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Treating Teachers Nicely

 
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andrew murphy



Joined: 16 Jan 2003
Posts: 51
Location: Australia

PostPosted: Thu Feb 06, 2003 11:10 pm    Post subject: Treating Teachers Nicely Reply with quote

Why do EFL schools harp on about how they value their students, charge competitive rates and offer flexibility in their programmes?

If instead schools said that they value their teachers, charge realistic rates and let students note that they need to make a regular commitment to attending their lessons then they would attract better qualified teachers, teachers would be happier and more committed, and students would be more satisfied.

It seems so obvious to me! Is this too much to expect? Crying or Very sad
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bnix



Joined: 16 Jan 2003
Posts: 645

PostPosted: Fri Feb 07, 2003 6:21 am    Post subject: I Agree with You...But It Wii Never Happen Reply with quote

Sure...it would be great if all of those things you list would happen,but they won't...at least in many "schools"....it goes back to two of the biggest problems in TESOL:
1.Too many unqualified "teachers"(so-called) just roaming around the world,"teaching" to finance their wanderings and to buy their booze,etc.

2.Too many "schools"(so-called) which are really get rich quick,fly-by-night scams that should not even be dignified by the term "school"

Of course,there are many other problems in TESOl, but those are two of the basic "biggies". Mad Mad
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Roger



Joined: 19 Jan 2003
Posts: 9138

PostPosted: Sat Feb 08, 2003 1:16 am    Post subject: Reply with quote

Most of the time, I get treated decently by my Chinese employers. True, they publicise how they treat and view students, not their teachers; they boast about the high education we are supposedly bringing to class, and they never mention poor management in their own ranks.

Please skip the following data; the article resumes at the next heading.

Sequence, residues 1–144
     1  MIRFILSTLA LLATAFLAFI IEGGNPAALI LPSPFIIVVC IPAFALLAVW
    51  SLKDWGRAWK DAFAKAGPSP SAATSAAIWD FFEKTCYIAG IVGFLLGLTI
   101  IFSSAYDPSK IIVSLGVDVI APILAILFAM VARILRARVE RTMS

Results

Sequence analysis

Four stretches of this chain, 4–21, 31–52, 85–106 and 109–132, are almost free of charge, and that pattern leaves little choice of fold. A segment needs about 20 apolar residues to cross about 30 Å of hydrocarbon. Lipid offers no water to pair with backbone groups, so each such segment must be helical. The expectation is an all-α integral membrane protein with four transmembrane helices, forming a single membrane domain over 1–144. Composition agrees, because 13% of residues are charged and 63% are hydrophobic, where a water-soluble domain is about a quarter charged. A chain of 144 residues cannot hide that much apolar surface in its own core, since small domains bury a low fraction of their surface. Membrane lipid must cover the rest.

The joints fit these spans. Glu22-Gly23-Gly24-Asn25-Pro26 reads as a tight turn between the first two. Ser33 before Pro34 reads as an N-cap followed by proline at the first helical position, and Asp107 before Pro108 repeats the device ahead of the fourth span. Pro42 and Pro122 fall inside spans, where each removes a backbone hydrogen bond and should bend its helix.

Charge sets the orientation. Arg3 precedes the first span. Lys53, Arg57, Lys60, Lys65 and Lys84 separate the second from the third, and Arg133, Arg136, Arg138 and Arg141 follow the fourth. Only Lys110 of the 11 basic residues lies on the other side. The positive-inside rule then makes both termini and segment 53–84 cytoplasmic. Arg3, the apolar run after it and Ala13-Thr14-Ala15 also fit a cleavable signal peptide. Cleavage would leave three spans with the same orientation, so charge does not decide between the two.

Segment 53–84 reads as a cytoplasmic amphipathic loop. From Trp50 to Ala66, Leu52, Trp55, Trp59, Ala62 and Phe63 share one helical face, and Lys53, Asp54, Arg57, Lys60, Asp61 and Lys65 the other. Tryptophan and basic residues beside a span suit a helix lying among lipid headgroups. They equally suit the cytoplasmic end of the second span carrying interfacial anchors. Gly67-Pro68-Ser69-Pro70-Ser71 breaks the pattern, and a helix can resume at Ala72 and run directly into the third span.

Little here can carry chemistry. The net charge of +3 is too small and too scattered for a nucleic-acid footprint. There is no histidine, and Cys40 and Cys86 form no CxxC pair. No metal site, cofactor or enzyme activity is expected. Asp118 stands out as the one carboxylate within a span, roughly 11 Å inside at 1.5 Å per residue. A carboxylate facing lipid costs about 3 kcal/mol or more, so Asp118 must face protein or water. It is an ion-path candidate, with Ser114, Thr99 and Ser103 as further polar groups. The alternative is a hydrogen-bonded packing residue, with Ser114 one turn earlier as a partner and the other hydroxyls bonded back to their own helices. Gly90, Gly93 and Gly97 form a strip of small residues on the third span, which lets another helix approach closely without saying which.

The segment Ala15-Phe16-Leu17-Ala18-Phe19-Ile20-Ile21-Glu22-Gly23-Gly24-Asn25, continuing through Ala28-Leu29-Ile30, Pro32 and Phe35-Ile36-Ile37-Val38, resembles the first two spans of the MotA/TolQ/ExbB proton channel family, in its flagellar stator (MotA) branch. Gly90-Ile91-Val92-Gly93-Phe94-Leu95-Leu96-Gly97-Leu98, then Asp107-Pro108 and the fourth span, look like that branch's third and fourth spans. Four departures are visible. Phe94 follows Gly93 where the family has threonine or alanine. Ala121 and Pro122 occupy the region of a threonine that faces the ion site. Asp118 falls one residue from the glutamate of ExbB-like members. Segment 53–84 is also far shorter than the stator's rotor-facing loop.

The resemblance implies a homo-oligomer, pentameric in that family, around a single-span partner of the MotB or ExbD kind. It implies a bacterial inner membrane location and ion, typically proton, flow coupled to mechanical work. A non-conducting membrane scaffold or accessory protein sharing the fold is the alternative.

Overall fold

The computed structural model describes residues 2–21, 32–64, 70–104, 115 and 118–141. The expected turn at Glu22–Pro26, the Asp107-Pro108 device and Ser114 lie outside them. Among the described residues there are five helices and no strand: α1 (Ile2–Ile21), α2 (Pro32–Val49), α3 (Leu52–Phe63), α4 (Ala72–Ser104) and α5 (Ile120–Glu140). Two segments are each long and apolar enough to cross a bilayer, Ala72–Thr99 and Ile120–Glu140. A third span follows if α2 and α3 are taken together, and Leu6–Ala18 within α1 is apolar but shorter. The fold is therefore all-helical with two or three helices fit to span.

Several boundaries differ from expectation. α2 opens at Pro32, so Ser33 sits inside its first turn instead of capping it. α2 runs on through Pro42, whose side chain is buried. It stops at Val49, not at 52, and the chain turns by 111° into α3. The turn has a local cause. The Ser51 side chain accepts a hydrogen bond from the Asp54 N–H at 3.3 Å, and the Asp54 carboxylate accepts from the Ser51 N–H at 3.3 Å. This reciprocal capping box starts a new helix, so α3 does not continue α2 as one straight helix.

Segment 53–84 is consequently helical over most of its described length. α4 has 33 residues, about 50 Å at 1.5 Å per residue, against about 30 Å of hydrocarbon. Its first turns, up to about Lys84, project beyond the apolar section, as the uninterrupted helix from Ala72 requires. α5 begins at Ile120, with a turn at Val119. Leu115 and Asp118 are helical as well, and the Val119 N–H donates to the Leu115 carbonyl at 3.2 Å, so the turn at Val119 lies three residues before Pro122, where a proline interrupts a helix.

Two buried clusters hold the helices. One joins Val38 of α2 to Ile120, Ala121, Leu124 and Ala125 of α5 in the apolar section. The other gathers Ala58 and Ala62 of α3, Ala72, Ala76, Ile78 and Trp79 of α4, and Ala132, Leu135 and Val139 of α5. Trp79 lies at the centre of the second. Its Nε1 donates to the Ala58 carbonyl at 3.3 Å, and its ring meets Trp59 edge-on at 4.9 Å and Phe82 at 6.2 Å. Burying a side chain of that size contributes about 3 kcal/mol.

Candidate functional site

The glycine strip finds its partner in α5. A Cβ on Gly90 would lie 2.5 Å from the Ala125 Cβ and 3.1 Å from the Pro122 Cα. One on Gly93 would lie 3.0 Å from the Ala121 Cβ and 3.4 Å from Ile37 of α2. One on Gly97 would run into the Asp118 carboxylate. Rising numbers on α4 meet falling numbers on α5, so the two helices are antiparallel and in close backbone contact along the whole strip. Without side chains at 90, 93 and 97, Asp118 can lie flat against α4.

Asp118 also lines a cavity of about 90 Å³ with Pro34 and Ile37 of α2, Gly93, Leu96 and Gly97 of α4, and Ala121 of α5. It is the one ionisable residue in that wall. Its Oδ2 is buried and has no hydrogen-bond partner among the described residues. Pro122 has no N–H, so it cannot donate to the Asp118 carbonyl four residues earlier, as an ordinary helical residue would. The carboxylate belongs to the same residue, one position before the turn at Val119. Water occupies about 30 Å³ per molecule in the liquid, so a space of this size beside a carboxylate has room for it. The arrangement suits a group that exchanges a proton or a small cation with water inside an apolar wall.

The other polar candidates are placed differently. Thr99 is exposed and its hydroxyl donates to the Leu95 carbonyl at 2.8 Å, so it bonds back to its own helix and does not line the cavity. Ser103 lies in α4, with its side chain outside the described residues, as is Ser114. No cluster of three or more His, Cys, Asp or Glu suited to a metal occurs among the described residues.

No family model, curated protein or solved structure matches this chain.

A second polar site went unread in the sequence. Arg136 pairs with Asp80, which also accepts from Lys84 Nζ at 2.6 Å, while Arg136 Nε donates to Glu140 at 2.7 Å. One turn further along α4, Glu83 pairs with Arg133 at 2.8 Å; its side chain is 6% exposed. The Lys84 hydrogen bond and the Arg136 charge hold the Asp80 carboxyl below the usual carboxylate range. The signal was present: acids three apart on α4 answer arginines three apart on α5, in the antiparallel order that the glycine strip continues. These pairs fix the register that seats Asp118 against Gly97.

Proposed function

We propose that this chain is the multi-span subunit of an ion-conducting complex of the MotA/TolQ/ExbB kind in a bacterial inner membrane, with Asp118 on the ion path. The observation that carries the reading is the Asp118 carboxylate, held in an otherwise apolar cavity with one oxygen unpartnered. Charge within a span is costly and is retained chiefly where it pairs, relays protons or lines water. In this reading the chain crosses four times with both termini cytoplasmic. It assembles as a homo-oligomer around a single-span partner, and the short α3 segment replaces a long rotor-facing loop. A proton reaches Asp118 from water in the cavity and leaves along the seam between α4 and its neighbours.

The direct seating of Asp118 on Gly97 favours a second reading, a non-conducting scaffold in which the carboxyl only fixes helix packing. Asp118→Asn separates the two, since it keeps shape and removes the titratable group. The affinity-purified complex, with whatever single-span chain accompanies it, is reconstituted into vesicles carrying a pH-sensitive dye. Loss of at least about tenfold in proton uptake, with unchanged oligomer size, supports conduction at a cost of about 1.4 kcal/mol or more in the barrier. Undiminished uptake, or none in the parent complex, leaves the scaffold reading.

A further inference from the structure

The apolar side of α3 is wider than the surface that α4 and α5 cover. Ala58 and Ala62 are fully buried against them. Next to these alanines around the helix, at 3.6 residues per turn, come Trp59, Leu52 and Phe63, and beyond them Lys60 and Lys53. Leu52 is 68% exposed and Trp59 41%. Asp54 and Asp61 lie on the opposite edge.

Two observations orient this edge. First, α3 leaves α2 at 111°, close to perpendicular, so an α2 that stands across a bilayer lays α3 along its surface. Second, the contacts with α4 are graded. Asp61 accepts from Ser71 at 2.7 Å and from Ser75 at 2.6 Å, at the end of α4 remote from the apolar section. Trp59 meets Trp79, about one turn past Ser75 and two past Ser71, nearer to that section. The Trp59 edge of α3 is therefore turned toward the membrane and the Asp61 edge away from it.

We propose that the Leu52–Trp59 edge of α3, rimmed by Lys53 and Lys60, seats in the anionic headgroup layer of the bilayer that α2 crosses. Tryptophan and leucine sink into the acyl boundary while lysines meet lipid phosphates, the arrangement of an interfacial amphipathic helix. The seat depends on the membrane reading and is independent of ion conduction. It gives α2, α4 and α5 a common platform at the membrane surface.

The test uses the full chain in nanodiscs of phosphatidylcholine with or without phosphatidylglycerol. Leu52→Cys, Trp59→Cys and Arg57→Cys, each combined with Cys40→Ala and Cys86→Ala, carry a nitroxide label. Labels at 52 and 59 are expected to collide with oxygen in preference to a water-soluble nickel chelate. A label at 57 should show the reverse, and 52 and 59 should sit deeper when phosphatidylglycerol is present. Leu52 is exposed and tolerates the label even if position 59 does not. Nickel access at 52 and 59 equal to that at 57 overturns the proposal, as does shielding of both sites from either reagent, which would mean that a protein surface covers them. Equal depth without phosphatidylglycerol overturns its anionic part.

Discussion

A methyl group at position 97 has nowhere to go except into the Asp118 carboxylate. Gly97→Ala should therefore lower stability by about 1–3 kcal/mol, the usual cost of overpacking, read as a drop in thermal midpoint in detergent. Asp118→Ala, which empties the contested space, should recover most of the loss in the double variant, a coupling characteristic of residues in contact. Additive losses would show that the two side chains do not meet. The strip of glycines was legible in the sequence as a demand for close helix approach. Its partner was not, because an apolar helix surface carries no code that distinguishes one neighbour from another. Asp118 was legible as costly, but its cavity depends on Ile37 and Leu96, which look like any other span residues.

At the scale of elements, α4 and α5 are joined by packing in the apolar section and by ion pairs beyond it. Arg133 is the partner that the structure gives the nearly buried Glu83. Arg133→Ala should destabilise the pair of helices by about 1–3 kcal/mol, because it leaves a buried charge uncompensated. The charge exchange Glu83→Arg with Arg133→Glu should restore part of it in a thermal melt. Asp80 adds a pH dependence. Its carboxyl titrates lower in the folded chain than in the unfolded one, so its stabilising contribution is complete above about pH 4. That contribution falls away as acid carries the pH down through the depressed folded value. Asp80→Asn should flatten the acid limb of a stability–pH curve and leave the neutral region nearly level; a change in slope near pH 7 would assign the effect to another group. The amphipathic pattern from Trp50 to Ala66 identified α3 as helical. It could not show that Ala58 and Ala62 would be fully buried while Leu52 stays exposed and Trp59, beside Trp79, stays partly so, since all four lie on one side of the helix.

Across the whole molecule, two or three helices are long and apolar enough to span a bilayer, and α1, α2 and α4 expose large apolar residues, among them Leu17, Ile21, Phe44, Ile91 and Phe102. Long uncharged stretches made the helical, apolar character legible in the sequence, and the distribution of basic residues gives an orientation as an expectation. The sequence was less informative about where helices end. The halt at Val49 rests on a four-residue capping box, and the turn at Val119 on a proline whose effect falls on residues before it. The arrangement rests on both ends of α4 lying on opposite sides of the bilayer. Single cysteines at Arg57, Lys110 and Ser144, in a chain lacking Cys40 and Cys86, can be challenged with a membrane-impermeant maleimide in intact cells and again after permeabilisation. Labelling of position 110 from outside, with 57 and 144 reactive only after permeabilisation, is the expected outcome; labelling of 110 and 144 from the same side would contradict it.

But where I feel their attitude should change a bit is in how they perceive myfunction.

It is myjob to teach English, therefore it ought to be incumbent on me to judge the English people bring to my class and take out after it. In other words, I believe only expats can truthfully test the English of their students.
This just is not accepted wisdom here. While you can give a student a low grade you have no power to actually fail him or her. In the end, the school will side with the student and pass him no matter how bad his or her English is.
Some Chinese colleges and universities have been in touch with Western institutions of higher learning for over twenty years (my first employer had entered into a cooperative agreement with East Texas Baptist University way back in 1979!), but none of our ethics and teaching principles have rubbed off here. You must feel being abused and taken for a ride then.
This sentiment is given a major boost when they unceremoniously take you to a photo-op. Your mugshot inevitably is used for commercial purposes. One of my former employers even used it long after I had left his business (a private training centre), still trumpeting that "a native English teacher" is giving classes, when in fact I was working elsewhere. When a student asked them to see me they told her that I had been posted to - Hong Kong to run their branch there (where the boss actually ran an import-export business with Filippino staff).

In sum: Keep smiling, and they will smile, entertain you, sometimes even offer to marry you off, but don't insist on profeessionalism because that is sure to backfire.
Accept a good many shenanigans! It is a child's play!
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